If You Think Aronofsky’s Noah is Wacky, Try Reading the Original

Russell Crowe in Noah

ENTIRE NATIONS have now banned the film Noah. In the United States, Christians are unhappy with a Hollywood movie that substitutes, for the all-knowing and all-mighty LORD God Almighty, a distant, Pagan deity known vaguely as “the Creator.” Aronofsky’s Noah, an emo environmentalist with a too-voguish commitment to veganism and animal rights, is widely denounced, as is the film’s non-biblical (if not anti-biblical) theme – that human sin is against Mother Earth, not God, and that redemption must be found through earth-friendly living.

It’s predictable as well as tedious for a 2014 re-telling of this bronze age deluge myth to focus on the politically correct themes of global climate change, vegetarianism, animal rights and the leaving of a smaller ecological footprint. In 1928, the Flood Story was adapted to allegorize the First World War’s deluge, this time not of water but of children’s blood. Any telling of this story will require interpretation and artistic licence, because we know so little of Noah and his adventures. Most of what we know will be found in the biblical book of Genesis, chapters 6 through 9, a work of ambiguity, sparsity, gaps, contradictions and oddities.

What follows then are notes on a biblically correct Noah, for those directors who might wish in future to cultivate the favor of the pious.

The Set-up (Genesis 9:1-8)

We are informed by the faithful that God (or YHWH, “I am that I am”) is all-knowing, all-seeing and all-powerful. He is righteous and good in ways we can not understand. The Old Testament tells us furthermore that God is jealous and slow to anger. The story of Noah thus begins with a simple proposition, that the world of flesh has increased and overtaken the world, and that “every inclination of the thoughts of the human heart [is] only evil all the time.” The slow-to-anger God is angry. He has come to regret his creation of all things flesh, and is now set upon destroying life on earth.

Somehow, in a manner that is latent in the Flood narrative but never explained, God has found himself in a pickle. Either he has foreseen the wickedness of men, in which case his repentance is inexplicable, or else he has been taken entirely by surprise (a more probable scenario), in which case his presumed foresight is questionable. How is it that it has all come to this? “My Spirit will not contend with humans forever,” he says, and given the depravity of men, this seems dramatically plausible. But the text does not limit God’s regret, nor his wrath, to human beings:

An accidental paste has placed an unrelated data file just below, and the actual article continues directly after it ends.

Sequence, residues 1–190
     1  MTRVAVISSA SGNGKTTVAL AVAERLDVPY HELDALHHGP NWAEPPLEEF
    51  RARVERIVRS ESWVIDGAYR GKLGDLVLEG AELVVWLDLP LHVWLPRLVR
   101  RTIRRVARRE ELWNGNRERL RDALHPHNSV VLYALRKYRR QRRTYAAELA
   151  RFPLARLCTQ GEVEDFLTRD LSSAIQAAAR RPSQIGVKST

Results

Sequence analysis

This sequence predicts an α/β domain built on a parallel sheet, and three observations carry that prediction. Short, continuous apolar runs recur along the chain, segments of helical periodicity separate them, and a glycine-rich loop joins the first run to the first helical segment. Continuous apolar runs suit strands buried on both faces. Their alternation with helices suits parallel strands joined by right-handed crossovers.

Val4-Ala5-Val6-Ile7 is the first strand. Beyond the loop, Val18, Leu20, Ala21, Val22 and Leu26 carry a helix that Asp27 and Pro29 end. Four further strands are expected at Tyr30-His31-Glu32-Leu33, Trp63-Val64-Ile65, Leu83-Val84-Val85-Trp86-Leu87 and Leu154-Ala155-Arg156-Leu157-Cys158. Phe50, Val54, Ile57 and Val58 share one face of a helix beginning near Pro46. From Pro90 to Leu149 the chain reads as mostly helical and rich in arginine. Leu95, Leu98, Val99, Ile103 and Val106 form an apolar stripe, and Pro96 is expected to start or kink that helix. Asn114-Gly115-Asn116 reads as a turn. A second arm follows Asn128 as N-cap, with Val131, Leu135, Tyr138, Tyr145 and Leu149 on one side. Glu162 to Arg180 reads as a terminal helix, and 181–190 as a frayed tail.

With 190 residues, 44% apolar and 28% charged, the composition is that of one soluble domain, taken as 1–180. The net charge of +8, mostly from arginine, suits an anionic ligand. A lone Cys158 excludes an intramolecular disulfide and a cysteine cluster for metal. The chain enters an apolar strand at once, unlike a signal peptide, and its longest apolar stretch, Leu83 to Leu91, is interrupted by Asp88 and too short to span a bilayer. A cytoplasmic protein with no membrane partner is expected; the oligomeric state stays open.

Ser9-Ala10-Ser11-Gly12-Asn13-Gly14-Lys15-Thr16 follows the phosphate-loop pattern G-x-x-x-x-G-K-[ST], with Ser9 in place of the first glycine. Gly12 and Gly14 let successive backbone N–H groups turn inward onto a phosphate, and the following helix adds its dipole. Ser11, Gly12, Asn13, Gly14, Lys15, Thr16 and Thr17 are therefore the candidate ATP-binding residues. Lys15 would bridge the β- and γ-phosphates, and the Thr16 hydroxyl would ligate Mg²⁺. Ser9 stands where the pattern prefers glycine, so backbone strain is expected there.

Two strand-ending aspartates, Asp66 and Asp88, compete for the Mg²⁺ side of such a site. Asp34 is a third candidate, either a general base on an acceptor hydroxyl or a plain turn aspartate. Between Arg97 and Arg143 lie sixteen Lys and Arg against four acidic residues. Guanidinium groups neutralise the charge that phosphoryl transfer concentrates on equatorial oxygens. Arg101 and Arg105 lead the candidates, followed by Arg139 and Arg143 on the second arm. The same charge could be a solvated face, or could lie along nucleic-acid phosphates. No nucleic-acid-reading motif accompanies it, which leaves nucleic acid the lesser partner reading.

“I will wipe from the face of the earth the human race I have created—and with them the animals, the birds and the creatures that move along the ground—for I regret that I have made them.”

All flesh, we are led to believe, is guilty. “Now the earth was corrupt in God’s sight and was full of violence.” The violence of men is easy enough to grasp, but the violence and corruption of “flesh” is another matter entirely. The animals clearly deserve to die, and will die in vast numbers. And yet, what is it that non-human animals do that may be said to be violent? They kill for food, in order to survive. Notice the text does not tell us that God is angry over specific crimes, such as murder or rape, but with the generic offence of violence. It is hardly credible that a gazelle, or a lion, could be charged with the crime of murder – and so one can only conclude that God is angry, at least with non-human flesh, over the killing of other animals for meat. What else might the transgression or “sin” of a non-human animal be? (Oh, and notice that God is done even with the herbivores.)